Summer jobs provide us with much-needed spending money, but they can have drawbacks. While on the clock, many of us wish we were anywhere but at work and count the minutes until the end of our shifts.
Here are a few common reasons for feeling less than excited about your job, and what you can do about them.
If your boss is the problem…
Pretty much anyone who has ever worked can relate to the feeling that their boss is not the nicest person. If you feel that your boss is being unfair or rude, don’t be afraid to confront them about it.
As long as it’s done in a polite and professional way, you can usually solve the problem by drawing your boss’s attention to a situation in which they made you feel personally attacked.
We’re all human, so your boss may have a bad day and unintentionally took it out on you. This has happened to me a few times, and I’ve had to tell myself not take it personally.
But if you’re pretty sure your boss is just a total jerk, remember to keep your head up and not let it get to you. Unless it’s to the point where you feel personally attacked every time you show up to work — then you should probably quit.
If you feel that you’re not getting scheduled enough…
If you’re looking to get more hours, it’s important to show your boss that you are a reliable, efficient employee and you can handle the additional workload.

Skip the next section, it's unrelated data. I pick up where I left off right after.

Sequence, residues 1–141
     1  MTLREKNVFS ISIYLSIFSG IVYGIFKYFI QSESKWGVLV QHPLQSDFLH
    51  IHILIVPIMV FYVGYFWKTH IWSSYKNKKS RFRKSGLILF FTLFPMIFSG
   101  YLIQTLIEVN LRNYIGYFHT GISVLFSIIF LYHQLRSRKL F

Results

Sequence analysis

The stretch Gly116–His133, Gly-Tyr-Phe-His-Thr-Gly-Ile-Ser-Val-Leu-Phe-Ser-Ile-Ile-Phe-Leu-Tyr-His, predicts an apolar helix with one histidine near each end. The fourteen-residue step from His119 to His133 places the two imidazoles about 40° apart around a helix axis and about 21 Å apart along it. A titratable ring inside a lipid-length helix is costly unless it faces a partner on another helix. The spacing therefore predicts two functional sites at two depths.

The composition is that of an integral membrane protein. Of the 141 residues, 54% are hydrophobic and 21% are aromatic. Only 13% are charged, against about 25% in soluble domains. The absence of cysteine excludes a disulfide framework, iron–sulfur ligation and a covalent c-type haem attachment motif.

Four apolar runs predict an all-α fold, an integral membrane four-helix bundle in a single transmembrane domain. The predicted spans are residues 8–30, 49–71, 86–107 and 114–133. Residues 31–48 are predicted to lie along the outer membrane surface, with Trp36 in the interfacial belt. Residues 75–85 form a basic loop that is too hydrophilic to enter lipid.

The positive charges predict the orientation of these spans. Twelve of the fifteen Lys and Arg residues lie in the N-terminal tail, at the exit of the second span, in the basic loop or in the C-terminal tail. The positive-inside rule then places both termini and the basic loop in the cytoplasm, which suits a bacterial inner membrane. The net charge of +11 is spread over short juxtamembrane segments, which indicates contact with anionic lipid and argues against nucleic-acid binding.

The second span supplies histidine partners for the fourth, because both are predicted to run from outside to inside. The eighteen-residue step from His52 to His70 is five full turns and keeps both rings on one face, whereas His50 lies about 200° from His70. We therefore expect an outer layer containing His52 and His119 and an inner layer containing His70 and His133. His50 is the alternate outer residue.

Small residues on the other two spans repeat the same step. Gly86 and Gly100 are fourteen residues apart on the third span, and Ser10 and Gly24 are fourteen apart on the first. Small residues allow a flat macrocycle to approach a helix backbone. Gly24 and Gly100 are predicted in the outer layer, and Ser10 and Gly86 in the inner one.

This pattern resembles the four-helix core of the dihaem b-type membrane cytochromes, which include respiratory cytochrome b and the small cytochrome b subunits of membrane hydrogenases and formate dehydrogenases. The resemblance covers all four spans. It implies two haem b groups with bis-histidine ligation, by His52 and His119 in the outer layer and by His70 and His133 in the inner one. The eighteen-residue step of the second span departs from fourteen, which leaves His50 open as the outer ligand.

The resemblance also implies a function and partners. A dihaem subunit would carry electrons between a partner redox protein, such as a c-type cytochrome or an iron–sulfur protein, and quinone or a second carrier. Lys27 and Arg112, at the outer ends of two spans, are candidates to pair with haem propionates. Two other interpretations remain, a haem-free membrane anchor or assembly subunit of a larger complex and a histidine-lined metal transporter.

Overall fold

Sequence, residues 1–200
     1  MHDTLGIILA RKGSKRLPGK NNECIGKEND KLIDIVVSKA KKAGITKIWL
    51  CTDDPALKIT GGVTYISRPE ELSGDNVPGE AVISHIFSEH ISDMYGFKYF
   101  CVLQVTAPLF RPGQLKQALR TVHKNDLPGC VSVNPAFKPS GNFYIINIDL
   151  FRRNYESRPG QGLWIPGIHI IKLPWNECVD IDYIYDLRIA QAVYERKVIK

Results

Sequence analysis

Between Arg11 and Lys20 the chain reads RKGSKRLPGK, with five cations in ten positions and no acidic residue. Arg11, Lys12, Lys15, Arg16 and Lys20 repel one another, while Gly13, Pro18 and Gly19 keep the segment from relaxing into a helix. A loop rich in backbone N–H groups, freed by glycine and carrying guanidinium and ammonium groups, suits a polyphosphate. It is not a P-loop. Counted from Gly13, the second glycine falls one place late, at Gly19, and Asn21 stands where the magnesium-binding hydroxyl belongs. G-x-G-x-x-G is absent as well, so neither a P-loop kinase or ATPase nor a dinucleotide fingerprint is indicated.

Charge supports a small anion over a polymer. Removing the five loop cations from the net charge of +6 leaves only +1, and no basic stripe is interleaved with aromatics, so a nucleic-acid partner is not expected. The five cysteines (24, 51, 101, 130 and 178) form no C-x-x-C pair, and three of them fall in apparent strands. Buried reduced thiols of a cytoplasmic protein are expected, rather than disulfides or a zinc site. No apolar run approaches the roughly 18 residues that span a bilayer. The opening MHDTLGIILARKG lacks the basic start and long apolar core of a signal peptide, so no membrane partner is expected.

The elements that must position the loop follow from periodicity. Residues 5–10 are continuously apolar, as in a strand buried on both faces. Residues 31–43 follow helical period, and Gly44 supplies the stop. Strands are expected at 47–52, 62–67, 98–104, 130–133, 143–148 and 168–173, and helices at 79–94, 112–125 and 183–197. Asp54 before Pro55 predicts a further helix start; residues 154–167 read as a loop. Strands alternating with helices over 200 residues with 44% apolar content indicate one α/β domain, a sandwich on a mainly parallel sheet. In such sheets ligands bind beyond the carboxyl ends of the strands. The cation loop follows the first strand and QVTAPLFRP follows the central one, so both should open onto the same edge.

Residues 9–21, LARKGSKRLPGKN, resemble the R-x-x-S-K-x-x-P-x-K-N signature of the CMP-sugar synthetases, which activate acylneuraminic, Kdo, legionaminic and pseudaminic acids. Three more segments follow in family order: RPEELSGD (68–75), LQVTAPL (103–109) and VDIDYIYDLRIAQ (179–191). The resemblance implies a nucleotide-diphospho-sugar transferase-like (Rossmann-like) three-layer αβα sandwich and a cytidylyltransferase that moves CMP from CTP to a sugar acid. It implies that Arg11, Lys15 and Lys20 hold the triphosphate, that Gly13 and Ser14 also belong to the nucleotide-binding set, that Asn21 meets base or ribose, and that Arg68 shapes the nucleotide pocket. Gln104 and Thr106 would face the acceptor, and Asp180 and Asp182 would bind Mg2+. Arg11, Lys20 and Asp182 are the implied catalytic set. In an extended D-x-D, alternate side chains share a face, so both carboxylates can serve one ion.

Communicate to them that you are willing to take on more work and ask if it would be possible to get a few more shifts a week. And even if it’s true, never mention that you could use more money.
If you just really hate the work that you do…
Let me be the first to say folding clothes is not how I would prefer to spend my time. Having a job in retail, or anything involving customer service, can be unbearable at times.
I think the only way to combat this is to put it in perspective and remind yourself that there are worse jobs than the one you have — like digging ditches or wiping elephant butts.
No matter what it is about your job that’s making you suffer, remember that a summer job only lasts about three months, and the end is near.
Keep in mind that for many college students, finding a summer job can be almost as difficult as capturing a unicorn, so be grateful that you’ve snagged one.
If all else fails, keep calm and look forward to payday.
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